• Our medical center has an unwritten policy of admitting all febrile infants younger than 2 months of age. We studied this practice during a three-year period to determine what proportion of the febrile infants who came to the outpatient department were admitted. The characteristics of the infants who were not admitted were compared with those who were. The timing of and the infant's status at a subsequent visit for those not admitted were also identified. One hundred six (35%) of 303 encounters with young, febrile infants did not result in admissions. An infant was more likely to be admitted if he was male, younger than 30 days of age, and febrile (38.5 °C). None of the infants who were followed up as outpatients suffered morbidity that could be directly related to their not having been hospitalized.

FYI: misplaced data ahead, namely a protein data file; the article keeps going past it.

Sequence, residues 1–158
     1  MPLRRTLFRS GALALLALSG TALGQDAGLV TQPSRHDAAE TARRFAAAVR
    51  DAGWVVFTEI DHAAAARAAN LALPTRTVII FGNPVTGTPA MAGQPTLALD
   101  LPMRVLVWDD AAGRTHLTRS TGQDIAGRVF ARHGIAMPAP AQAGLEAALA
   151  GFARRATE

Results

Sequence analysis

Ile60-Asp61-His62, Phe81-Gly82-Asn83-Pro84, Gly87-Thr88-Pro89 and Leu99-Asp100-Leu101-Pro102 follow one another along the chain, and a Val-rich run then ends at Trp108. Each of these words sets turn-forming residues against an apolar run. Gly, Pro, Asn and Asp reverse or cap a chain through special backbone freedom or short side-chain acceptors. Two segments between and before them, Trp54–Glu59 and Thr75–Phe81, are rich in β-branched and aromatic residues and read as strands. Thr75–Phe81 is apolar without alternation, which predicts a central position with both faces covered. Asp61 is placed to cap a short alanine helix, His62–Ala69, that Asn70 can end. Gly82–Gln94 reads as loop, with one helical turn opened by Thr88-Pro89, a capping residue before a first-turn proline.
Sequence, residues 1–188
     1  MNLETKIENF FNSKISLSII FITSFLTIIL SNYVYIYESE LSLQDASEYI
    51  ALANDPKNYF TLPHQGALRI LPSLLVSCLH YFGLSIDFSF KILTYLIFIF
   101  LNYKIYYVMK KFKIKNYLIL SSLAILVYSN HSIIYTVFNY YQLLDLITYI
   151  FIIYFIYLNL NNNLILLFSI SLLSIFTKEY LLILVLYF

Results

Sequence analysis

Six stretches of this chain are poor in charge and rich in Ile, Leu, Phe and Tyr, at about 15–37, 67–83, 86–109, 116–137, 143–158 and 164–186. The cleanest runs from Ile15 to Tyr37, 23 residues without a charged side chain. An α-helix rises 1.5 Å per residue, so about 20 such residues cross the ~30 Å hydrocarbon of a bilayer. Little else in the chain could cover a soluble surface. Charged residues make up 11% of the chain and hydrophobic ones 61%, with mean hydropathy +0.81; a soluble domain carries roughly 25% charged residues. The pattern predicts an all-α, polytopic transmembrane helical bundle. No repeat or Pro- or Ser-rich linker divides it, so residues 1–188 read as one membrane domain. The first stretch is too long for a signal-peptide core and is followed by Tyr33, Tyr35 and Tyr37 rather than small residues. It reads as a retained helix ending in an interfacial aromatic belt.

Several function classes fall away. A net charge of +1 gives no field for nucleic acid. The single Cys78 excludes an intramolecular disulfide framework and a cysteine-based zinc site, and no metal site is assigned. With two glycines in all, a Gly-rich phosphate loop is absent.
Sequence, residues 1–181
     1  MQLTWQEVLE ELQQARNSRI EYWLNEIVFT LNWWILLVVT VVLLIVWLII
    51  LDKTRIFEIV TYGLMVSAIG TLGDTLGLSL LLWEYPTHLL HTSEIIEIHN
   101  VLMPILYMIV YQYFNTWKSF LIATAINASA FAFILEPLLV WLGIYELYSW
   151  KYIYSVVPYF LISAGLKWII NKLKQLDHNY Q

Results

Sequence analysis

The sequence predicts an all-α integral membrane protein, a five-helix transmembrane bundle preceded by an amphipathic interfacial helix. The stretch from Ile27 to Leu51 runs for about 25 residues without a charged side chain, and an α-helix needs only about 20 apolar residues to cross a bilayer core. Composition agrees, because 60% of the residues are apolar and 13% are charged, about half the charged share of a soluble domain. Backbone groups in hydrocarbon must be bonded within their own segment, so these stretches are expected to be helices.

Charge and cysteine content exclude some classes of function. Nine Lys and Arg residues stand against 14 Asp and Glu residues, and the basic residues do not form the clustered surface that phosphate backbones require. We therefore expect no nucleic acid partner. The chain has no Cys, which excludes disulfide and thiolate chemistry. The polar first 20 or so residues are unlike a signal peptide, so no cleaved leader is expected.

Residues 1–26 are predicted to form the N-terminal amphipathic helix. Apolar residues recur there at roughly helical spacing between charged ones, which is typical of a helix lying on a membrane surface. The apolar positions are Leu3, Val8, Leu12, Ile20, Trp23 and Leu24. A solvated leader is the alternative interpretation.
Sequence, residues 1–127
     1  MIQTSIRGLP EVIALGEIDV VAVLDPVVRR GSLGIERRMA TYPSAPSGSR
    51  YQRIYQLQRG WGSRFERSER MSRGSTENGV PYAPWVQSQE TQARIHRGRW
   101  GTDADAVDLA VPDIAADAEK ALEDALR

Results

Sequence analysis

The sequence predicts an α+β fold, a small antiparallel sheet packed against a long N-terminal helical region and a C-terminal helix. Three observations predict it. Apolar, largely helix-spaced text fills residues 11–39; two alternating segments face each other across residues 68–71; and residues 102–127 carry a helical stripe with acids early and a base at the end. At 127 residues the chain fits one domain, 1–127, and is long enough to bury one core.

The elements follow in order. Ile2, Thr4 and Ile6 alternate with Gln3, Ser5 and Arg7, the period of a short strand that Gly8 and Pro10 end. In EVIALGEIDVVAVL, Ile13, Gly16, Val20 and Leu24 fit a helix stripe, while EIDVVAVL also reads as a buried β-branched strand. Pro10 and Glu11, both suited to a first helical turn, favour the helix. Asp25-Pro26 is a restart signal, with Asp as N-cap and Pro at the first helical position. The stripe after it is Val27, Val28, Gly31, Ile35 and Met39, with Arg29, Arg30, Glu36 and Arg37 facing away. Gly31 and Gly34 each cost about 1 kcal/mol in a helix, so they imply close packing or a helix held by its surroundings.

(Am J Dis Child 1983;137:1150-1152)
DeAngelis C, Joffe A, Willis E, Wilson M. Hospitalization v Outpatient Treatment of Young, Febrile Infants. Am J Dis Child. 1983;137(12):1150–1152. doi:10.1001/archpedi.1983.02140380010004
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